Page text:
Hello!   My name is Daryl Rictor and I've been working
(ok, hobbying) with micro-computers since 1979.   Here's a little background about me:
My first computer was a kit called the "COSMAC ELF."
This little jem sported the RCA CDP1802 processor.   It had 256 bytes of RAM, 256 bytes
of PROM, and a two-digit hexidecimal display and keypad.   I cut my teeth on machine language
with that one and still prefer machine language/assembly over higher level languages for
the simple tasks.   You can learn more about the COSMAC ELF here:
I later moved up to both Commodore 64 and Apple ][ computers.   I found them easy to program and fun
to experiment on.   I wrote several utility programs in assembly on the Commodore, including a touch
tone dialer and a game I called Mortar Fire, which was basically two cannons facing each other. Each
player took turns entering in the angle (accounting for wind and different heights). I later ported
it to the Apple II and also wrote a few trigonomitry & graphics routines, experimenting in 3-D generation.
Then came the PC boom, and I took up programming in Quick BASIC and later "C".
More recently, I had the urge to build some specialized controllers and decided the 65C02 would be perfect for the
task.   I wanted to be able to develop software on my PC and decided to write a 65C02 Simulator to simplify
design and debugging.   Not wanting to re-invent the wheel, I searched for an existing simulator.
This led to me to the AppleWIN emulator.   This is an Apple ][ emulator that runs under Windows.   It's source
code was made available in the public domain so I took it, stripped out the Apple ][ specific references, added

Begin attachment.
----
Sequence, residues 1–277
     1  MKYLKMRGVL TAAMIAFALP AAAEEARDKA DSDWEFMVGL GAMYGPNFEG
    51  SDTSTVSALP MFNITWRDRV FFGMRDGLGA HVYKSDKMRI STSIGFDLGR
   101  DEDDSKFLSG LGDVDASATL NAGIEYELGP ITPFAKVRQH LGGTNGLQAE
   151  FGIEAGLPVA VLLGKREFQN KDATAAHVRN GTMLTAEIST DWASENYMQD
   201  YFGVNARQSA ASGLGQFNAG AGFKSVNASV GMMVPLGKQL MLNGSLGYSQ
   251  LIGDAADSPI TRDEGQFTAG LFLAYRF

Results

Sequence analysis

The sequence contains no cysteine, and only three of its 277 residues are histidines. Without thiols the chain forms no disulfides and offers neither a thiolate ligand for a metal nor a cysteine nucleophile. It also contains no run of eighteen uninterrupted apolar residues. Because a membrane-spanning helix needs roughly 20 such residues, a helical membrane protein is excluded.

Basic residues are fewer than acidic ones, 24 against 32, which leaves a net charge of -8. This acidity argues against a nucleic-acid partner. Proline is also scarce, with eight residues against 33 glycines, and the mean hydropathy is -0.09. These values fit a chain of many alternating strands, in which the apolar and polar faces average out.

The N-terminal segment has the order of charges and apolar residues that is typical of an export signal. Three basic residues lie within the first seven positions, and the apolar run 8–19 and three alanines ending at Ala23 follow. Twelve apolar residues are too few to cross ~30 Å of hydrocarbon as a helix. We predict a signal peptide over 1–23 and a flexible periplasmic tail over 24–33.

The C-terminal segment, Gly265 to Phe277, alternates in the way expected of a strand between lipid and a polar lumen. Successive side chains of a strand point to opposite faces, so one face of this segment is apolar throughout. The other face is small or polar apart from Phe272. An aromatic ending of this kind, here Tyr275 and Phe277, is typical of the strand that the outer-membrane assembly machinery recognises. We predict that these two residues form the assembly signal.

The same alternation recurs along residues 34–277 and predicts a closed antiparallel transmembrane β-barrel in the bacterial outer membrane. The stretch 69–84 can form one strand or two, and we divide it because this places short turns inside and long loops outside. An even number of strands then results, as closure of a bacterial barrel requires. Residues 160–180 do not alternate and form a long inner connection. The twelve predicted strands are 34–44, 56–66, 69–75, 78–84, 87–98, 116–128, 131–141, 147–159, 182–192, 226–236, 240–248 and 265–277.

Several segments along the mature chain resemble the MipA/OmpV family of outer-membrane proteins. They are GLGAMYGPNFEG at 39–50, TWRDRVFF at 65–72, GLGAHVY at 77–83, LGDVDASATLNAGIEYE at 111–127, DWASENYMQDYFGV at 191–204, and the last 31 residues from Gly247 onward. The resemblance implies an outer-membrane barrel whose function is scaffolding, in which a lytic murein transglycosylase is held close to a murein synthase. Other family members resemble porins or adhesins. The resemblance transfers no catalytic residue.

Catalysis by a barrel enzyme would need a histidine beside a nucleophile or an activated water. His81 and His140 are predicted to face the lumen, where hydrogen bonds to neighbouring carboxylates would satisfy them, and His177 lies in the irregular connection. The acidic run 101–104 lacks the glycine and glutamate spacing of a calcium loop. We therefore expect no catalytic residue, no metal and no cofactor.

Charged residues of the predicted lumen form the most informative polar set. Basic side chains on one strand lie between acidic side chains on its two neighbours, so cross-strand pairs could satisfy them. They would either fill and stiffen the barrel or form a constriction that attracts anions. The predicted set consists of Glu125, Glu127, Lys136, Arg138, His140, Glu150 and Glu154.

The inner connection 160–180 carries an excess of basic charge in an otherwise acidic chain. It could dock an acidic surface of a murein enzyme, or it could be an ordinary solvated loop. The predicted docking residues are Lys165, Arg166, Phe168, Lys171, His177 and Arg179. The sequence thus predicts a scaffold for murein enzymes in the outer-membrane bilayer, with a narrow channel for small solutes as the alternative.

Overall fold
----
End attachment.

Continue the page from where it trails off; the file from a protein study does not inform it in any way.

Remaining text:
some more features, and released my "65C02 Simulator for Windows". While I am no longer maintaining it, it can
be downloaded here -> 65C02 Simulator For Windows. I have converted the Simulator's source
files to be compatible with the freeware "LCC" C Compiler. You can download "LCC" from
here -> LCC C Compiler This makes it easier for those
who want "play" with the source code.
I used the Simulator to create a simple monitor and miniassembler for my future SBC's.   This program was
adopted from the monitor written for the Apple ][ computers.   It's size is approximately 6K and sits in
EEPROM from $E800-$FFFF.   It includes RESET initialization of RAM based interrupt vectors and also has
a simple BRK handler. The SBC-2 uses this monitor.|
My next task was to design and build a simple Single Board Computer (SBC) to run my software on.   Simplicity and
a small footprint were my primary design goals.   I constructed my first SBC, now called "SBC-1", in
March 2001.   I had the board manufactured by expressPCB.com at
a cost of $62 for three boards. I am not longer supporting this board.
| After spending time with SBC-1 and building some simple I/O devices for it, I discovered that it was
under-equipped.   It lacked RS-232 communications and needed more IO ports.   Thus, the
birth of "SBC-2 v2.3" in April 2002.   SBC-2 was designed to provide more I/O and improved
expandability via an expansion port.   It's size was kept as small as possible but
large enough to provide as many options as I could. A minor upgrade resulted in SBC-2 v2.5. Check
it out here -> SBC-2
| My next project expands on SBC-2 and the 65c02, using it's big brother, the 65C816 16-bit processor. SBC-3
has 512k of SRAM, two 65C22 VIA's, and custom Video and SPI interface chips. It can display 320x200
color images with 8 bits per pixel. The SPI interface creates a gateway for many off-the-shelf
peripherals, including real-time clocks, mass storage, expanded I/O, and more. It's all wrapped up
in a 6.5" x 4" PCB.   Check it out here -> SBC-3
| My latest project takes a modular approach to building an SBC. SBC-4 has a base board with CPU and terminal
communications along with system decoding. All other I/O can be added using daughter boards.   The daughter
cards can be attached via ribbon cable or stackable headers.   Currently, there is a 65816 manin board and a more
basic 65c02 board is in the planning stage.   Check it out here -> SBC-4